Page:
GREG WILPERT: Yes. It seems that the economic growth has been quite significant, and actually, that’s something that during the independence celebrations, apparently, Alvaro Garcia Linero pointed out. But, he also seemed to show some self-criticism. Can you talk about that? That is, what the government sees now as being some of the issues that need to be corrected, and what the critics are also saying in terms of what needs to be corrected?
LINDA FARTHING: Well, I think that the Government is increasingly recognizing … there has been a strong commitment to try and diversify the economy and industrialize Bolivia. Bolivia is the classic mono-producer, poor, low-income country that has basically gone from one commodity boom to another during its history, for silver, then tin, then arguably coca, and now more recently petroleum to, to a lesser degree, natural gas. There has been an attempt to do value-added to the products. Bolivia is still very strongly a mining country, but that has not really yielded the results that were hoped for. There’s a strong pressure to create jobs and a lot of the industrialization processes actually require highly-skilled technicians rather than providing a lot of labor or jobs for people.
GREG WILPERT: Now, what about the opposition? I mean you briefly mentioned that they’re disorganized, but who are the main opposition candidates and who do they represent in terms of sectors of Bolivian society?
LINDA FARTHING: Well, the principle opposition candidate I think is still very much Carlos Mesa, who is a former president and vice president of Bolivia, an intellectual and a journalist who had his own television show for many years. He is the front runner against Morales, as far as I’m aware. But, he has a very strong base of support among the middle class and middle-class professionals, but the broader base of support he doesn’t have. He was forced out of office in an uprising in 2005 and he’s not seen as a particularly strong candidate. He was very reluctant to become a presidential candidate. He really resisted it, so he’s not considered, generally considered to be a very strong or realistic candidate. He also represents the very small traditional ruling elite of the country, the sort of 5%, 8% of the country of Bolivia who are of European origin.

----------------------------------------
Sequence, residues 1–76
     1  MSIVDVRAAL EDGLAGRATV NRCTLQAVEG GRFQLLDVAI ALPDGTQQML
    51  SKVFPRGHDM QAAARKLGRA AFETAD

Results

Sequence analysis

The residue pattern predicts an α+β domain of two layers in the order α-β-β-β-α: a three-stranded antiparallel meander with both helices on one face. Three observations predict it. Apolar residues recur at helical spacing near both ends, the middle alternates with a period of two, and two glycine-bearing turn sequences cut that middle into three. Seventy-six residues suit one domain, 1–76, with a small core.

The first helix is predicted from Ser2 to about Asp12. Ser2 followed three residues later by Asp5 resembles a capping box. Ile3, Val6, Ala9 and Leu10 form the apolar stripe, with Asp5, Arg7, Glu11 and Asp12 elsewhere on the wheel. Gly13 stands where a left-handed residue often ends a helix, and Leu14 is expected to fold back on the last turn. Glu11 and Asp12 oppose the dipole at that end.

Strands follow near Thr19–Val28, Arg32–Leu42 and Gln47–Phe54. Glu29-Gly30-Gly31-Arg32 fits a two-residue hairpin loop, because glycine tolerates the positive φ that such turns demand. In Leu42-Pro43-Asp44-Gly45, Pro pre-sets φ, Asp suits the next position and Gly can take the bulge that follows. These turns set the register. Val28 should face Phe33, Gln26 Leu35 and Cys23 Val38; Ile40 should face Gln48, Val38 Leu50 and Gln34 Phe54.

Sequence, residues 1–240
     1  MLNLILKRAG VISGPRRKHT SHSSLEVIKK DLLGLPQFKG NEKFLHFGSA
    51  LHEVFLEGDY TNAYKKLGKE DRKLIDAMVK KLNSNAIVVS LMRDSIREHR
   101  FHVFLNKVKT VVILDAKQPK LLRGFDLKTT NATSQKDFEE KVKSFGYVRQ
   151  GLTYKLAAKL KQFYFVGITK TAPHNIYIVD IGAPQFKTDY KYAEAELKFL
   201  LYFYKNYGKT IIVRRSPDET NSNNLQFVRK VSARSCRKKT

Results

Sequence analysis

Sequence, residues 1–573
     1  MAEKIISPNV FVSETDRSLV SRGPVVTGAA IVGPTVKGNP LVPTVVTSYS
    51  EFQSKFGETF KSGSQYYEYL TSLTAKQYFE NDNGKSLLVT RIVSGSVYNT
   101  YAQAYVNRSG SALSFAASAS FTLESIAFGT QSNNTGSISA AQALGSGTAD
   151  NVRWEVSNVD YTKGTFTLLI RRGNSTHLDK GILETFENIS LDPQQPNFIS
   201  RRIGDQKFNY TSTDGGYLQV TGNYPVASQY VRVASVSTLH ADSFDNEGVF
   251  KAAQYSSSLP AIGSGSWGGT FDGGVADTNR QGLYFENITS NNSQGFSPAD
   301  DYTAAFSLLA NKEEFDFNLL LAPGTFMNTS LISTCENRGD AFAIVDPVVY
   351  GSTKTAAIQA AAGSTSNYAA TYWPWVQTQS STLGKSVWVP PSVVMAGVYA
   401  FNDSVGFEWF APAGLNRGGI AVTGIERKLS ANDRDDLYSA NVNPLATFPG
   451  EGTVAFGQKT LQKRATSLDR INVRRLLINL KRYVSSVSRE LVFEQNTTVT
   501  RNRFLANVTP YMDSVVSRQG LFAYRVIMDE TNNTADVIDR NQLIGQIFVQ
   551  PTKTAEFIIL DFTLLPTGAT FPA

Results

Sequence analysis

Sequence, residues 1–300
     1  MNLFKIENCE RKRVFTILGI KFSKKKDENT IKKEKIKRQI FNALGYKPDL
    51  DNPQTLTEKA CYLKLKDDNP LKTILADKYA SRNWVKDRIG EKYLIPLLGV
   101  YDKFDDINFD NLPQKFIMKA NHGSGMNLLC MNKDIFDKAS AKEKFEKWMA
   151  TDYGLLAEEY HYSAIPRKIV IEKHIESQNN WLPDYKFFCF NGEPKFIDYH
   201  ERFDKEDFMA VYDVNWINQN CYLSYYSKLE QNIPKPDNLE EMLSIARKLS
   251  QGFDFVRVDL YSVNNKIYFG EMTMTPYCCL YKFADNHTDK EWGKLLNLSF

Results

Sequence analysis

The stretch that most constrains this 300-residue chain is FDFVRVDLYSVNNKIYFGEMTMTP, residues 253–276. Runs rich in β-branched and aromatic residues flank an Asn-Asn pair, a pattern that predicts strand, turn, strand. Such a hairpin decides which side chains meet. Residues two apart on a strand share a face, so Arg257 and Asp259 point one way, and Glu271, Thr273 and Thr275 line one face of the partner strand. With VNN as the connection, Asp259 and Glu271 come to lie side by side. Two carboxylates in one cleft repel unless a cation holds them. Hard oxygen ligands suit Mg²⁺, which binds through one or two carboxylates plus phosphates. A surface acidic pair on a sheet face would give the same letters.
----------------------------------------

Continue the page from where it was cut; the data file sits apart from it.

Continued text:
GREG WILPERT: Well, the other issue, though, I’m wondering is what is the opposition saying about Morales? What are they using as arguments? One other thing is, of course, that Bolivia has been relatively successful, as you mentioned. There’s been lots of economic growth. The president and the vice president pointed out that poverty has been reduced tremendously. Extreme poverty has been reduced something like from over 40% to less than 15%. With that kind of a track record, I would imagine it’d be very difficult to run against Morales, so what are the main arguments that they’re using to try to defeat him?
LINDA FARTHING: A lot of the argument is based on the violation of the constitution and a lack of respect for the referendum that was held in 2016, which Morales narrowly lost. The other argument that is used and has been used consistently is an argument, which, of course, is always very hard to prove, and in fact, is fairly universal in Latin America and elsewhere for that matter, which is the argument, it was just an argument about corruption. The argument is that the Morales government is very corrupt, that it is based on patronage systems, and that as a result, it should be removed.
GREG WILPERT: Well, that’s, of course, something – a very interesting argument to be using considering that these people making these arguments themselves have been accused of that themselves for a long time.
LINDA FARTHING: Right, right. Yeah. That’s for sure. They really don’t have any strong programmatic message. I mean, what the MAS has done over the last 14 years has been, or nearly 14 years, has been so significant that it’s unlikely that there will be very much realistic programmatic change even if another government gets in.
GREG WILPERT: We’re going to have to leave it there for now, but as we get closer to the actual election on October 20th, I hope we’ll come back to you. I was speaking to Linda Farthing, independent journalist and researcher on Bolivia. Thanks again, Linda, for having joined us today.
LINDA FARTHING: Thank you, Greg.
GREG WILPERT: And thank you for joining The Real News Network.